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Title: Conspiracy in Balzac and Sand's July Monarchy fiction
Author: Sugden, Rebecca Ann
ISNI:       0000 0004 7651 346X
Awarding Body: University of Cambridge
Current Institution: University of Cambridge
Date of Award: 2019
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This thesis explores the representation of conspiracy in the literature of the July Monarchy (1830-1848) and its engagement with conspiracy thinking, with particular reference to the work of Honoré de Balzac (1799-1850) and George Sand (1804-1876). In providing the first sustained scholarly exploration of conspiracy and cultural production in nineteenth-century France, it situates the novel within wider discourses on European political history in the years leading up to the upheaval of 1848. Through close readings of Balzac and Sand's common investment in conspiracist modes of explanation, this study makes the case for a new generic category, the novel of conspiracy, around which literary poetics, historical imagination and political fantasy come to coalesce. Chapter one proposes a re-evaluation of the dialectic between models of surface and depth reading in Balzac's Une ténébreuse affaire (1841), arguing that the conspiratorial landscape of this proto-detective novel belies Balzac's fraught relationship to the severed referentiality of his narrative. As illustration of a Balzacian poetics of conspiracy, Une ténébreuse affaire, it is suggested, points forward in literary history towards the Flaubertian aesthetic of platitude. Chapter two looks to the political criticisms Jacques Rancière makes of Sand's patrician benevolence to inform its reading of Le Compagnon du Tour de France (1840), which depicts workers' secret societies and the underground networks of Restoration liberalism. Accusations of misguided idealism, this thesis shows, align Rancière's critique and the literary-critical narrative informing Sand's twentieth-century aesthetic devaluation with the reproach that she herself levels at the Carbonarist conspirators of her novel. Chapter three, finally, turns to the alternative origin myth of 1789 that Sand elaborates in Consuelo-La Comtesse de Rudolstadt (1842-44). Her engagement with the founding text of the conspiracist tradition of explanation, it argues, provides the cornerstone for the interrogation of the tensions of a pre-Revolutionary Europe torn between Enlightenment and Illuminism. Framing the Balzacian and Sandian novel as emblematic of a wider discourse on the conspiratorial origins of 1789 has a two-fold advantage. On an immediate level, it nuances received critical ideas on these authors' relationships to history and literary genre (a realist Balzac incapable of looking back further than the Restoration whose demise he so lamented; an idealist Sand too caught up in a utopian future to envisage the historical past). In doing so, this study seeks to problematize the narrative of oppositionality behind the Balzac-Sand binary in terms of which the literary history of nineteenth-century France is habitually couched. Yet, more significantly, it also gestures towards the importance of the conspiratorial as a prism through which to approach the porosity of the very categories of 'literature' and 'history' in the nineteenth-century French context.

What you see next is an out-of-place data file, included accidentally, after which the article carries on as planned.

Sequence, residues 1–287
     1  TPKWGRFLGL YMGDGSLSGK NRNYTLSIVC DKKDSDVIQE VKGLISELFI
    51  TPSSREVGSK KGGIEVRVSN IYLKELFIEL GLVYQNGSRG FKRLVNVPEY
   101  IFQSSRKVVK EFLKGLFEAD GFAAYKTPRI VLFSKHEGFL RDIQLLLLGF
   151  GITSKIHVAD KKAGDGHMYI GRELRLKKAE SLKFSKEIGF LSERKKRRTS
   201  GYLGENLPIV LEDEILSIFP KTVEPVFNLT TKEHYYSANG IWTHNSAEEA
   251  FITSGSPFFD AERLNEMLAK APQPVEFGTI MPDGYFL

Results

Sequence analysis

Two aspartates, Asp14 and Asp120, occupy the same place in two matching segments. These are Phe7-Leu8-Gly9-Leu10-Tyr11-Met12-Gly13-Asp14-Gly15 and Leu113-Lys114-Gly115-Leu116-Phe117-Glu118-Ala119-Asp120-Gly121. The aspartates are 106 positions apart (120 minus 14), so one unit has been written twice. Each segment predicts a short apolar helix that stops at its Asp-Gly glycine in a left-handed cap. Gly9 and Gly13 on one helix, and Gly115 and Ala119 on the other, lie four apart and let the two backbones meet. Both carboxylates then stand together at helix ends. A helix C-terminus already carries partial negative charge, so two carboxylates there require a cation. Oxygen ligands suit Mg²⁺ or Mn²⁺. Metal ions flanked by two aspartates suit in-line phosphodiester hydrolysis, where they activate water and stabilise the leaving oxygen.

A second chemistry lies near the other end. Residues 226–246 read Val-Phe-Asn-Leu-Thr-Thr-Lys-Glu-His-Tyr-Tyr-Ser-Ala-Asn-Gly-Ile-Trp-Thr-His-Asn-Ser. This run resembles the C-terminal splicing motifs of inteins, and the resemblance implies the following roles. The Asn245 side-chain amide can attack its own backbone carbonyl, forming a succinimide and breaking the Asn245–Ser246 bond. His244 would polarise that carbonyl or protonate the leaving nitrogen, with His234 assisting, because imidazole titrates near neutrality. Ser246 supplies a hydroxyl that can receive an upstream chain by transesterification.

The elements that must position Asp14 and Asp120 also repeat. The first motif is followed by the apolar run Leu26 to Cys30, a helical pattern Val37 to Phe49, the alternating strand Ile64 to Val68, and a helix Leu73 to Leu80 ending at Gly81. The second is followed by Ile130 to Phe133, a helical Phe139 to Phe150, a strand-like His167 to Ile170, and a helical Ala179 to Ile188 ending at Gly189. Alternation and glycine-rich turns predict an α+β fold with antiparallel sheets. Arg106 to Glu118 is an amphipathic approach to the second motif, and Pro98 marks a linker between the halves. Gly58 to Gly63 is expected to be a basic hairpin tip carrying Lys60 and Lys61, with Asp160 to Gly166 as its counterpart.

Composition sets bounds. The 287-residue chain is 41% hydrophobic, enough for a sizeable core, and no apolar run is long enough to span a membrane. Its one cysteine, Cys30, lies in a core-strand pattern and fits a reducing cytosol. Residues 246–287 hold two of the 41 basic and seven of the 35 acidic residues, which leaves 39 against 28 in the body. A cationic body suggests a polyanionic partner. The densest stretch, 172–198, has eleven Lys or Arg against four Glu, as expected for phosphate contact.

Supervisor: White, Nicholas Sponsor: Wolfson Postgraduate Scholarship in the Humanities
Qualification Name: Thesis (Ph.D.) Qualification Level: Doctoral
Keywords: conspiracy ; conspiracy theory ; French literature ; nineteenth-century France ; Balzac ; George Sand ; realism ; idealism ; French history ; nineteenth-century novel ; literary history